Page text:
Finally available, a high quality book of the original classic edition of The Scout and Ranger Being the Personal Adventures of Corporal Pike of the Fourth Ohio cavalry. It was previously published by other bona fide publishers, and is now, after many years, back in print.
This is a new and freshly published edition of this culturally important work by James Pike, which is now, at last, again available to you.
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Enjoy this classic work today. These selected paragraphs distill the contents and give you a quick look inside The Scout and Ranger Being the Personal Adventures of Corporal Pike of the Fourth Ohio cavalry:
Look inside the book:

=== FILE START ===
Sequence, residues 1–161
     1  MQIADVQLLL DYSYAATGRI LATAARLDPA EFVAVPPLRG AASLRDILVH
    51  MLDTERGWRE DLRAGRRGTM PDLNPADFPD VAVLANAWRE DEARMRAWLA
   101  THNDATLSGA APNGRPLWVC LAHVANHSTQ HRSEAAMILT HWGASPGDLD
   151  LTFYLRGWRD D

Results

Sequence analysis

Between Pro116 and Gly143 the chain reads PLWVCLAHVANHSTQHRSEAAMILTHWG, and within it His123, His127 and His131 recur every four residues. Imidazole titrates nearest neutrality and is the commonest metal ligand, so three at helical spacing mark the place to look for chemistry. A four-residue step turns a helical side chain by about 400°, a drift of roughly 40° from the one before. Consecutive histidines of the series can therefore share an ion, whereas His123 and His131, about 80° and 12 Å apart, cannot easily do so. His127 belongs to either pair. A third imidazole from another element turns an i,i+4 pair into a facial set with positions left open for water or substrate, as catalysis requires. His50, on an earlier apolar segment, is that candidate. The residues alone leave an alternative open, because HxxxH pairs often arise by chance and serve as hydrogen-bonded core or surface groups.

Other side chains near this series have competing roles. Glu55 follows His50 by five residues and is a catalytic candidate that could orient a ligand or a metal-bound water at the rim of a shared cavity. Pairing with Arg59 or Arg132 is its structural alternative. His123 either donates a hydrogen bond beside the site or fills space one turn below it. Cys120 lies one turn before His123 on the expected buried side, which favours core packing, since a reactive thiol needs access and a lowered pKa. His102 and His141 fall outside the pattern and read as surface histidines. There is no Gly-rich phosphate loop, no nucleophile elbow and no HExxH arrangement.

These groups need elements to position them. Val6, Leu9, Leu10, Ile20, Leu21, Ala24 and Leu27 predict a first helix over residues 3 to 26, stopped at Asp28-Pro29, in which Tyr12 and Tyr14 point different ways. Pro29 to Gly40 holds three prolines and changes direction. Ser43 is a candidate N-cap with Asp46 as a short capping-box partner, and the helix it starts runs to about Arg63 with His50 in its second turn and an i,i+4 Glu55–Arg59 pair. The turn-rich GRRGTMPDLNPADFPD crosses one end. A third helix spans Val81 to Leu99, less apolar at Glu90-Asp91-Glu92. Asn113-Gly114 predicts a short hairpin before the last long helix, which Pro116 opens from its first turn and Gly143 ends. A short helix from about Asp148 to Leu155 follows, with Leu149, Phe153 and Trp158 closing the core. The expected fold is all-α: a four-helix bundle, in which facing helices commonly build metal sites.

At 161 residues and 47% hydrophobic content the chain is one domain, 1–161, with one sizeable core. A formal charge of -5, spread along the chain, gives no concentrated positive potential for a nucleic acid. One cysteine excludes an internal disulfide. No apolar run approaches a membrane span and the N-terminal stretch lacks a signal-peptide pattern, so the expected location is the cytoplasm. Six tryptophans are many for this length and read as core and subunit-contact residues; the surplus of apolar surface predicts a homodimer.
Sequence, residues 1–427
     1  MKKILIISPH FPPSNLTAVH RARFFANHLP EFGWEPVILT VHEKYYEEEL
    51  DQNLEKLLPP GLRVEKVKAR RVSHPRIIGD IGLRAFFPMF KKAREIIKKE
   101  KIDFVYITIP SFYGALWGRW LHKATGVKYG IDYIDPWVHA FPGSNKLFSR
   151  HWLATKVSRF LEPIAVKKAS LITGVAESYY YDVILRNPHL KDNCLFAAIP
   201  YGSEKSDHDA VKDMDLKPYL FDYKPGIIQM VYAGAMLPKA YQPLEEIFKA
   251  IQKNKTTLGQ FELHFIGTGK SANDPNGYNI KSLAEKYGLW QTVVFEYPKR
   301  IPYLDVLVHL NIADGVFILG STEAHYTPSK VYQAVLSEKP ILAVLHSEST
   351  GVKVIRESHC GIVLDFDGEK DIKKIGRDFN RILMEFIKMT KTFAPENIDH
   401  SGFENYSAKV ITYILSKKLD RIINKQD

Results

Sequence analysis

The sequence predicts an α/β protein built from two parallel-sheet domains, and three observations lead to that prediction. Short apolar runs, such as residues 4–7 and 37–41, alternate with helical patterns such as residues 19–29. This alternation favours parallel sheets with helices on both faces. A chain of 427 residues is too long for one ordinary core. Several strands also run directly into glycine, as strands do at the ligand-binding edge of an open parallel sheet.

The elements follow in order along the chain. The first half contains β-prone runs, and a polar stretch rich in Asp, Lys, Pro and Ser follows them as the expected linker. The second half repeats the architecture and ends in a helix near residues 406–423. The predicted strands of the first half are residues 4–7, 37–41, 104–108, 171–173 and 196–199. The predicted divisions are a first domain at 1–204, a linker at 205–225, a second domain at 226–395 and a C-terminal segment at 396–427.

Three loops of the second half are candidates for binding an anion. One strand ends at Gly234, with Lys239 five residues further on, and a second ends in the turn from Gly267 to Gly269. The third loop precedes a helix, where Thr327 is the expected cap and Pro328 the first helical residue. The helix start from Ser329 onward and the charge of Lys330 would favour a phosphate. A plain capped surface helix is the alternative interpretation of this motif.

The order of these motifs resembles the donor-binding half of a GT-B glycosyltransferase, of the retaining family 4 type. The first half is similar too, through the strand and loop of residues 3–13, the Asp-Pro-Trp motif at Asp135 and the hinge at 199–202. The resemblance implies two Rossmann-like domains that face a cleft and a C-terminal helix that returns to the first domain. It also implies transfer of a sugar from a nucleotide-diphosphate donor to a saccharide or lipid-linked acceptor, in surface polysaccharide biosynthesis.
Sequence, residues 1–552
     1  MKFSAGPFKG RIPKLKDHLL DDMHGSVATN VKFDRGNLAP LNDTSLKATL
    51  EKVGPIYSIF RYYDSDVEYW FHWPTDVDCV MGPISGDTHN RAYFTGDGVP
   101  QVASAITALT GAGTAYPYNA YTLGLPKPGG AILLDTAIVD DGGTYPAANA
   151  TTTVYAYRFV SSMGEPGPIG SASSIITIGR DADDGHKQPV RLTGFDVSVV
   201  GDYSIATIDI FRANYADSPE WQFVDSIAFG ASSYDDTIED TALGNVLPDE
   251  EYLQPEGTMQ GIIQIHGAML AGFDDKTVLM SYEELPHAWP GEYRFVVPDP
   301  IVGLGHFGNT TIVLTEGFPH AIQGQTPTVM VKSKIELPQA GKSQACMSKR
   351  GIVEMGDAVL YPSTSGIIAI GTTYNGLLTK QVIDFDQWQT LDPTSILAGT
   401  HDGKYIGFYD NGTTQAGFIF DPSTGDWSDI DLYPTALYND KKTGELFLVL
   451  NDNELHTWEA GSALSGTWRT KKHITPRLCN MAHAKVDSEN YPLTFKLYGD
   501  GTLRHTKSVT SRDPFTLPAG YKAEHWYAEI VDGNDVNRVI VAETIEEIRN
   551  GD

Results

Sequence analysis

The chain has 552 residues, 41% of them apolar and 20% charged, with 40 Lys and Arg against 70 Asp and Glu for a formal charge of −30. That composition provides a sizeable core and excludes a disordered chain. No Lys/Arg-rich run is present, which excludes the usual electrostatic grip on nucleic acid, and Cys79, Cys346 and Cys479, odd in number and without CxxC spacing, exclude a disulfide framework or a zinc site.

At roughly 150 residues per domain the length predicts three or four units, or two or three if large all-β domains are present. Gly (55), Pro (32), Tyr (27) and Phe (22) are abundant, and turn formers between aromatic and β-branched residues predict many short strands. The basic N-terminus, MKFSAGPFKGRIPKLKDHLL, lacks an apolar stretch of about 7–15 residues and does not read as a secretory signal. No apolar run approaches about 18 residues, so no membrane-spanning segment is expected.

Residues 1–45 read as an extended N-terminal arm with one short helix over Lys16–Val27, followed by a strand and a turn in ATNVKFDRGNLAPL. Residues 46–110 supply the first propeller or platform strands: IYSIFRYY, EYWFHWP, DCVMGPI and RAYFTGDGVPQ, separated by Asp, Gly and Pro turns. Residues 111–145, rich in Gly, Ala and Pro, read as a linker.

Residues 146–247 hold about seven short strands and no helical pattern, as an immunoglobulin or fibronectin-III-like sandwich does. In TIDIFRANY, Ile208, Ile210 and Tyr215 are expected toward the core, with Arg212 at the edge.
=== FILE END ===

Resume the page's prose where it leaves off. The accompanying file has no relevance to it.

But I can not but believe that my adventures in that most dangerous and romantic of all branches of the service—while acting the part of a scout—during the late long and bloody war against the most gigantic rebellion known to history, will be read with interest, not only by the patriotic people of the loyal states, for whom my life was risked, but by thousands in the South—violent rebels—who will, in these pages first recognize me, in my true character, as a soldier of the Union; though oft I have partaken of their hospitalities, and been their familiar companion; and many a rebel officer will, in the following narrative, for the first time learn that they have communicated much valuable information to one who was in the service of the nation against which they had arrayed the whole power, and chivalry of half a score of powerful and flourishing states, extending from the Gulf of Mexico to the thirty-seventh parallel of north latitude. ...On this particular occasion, as the coach came down a steep hill into the town, a crowd of little urchins was standing by the roadside, waiting to see the 'sights;' when one of them, a bright looking boy, but as ragged as only Arkansas children are, elbows and knees out, with a huge rent in that part of his pants covering the spot 'where mothers smite their young,' from which protruded a piece of muslin very much the color of the surrounding soil,—shouted at the top of his voice: 'The g-r-e-a-t O-v-e-r-l-a-n-d M-a-i-l C-o-m-p-a-n-y—' and was, evidently, going to add something more, when a huge, muscular, six-footer of a passenger thrust his head out of the window and yelled: 'Dry up, you little reprobate, or I'll jump out and raise a crowd and clean you out in a minute.'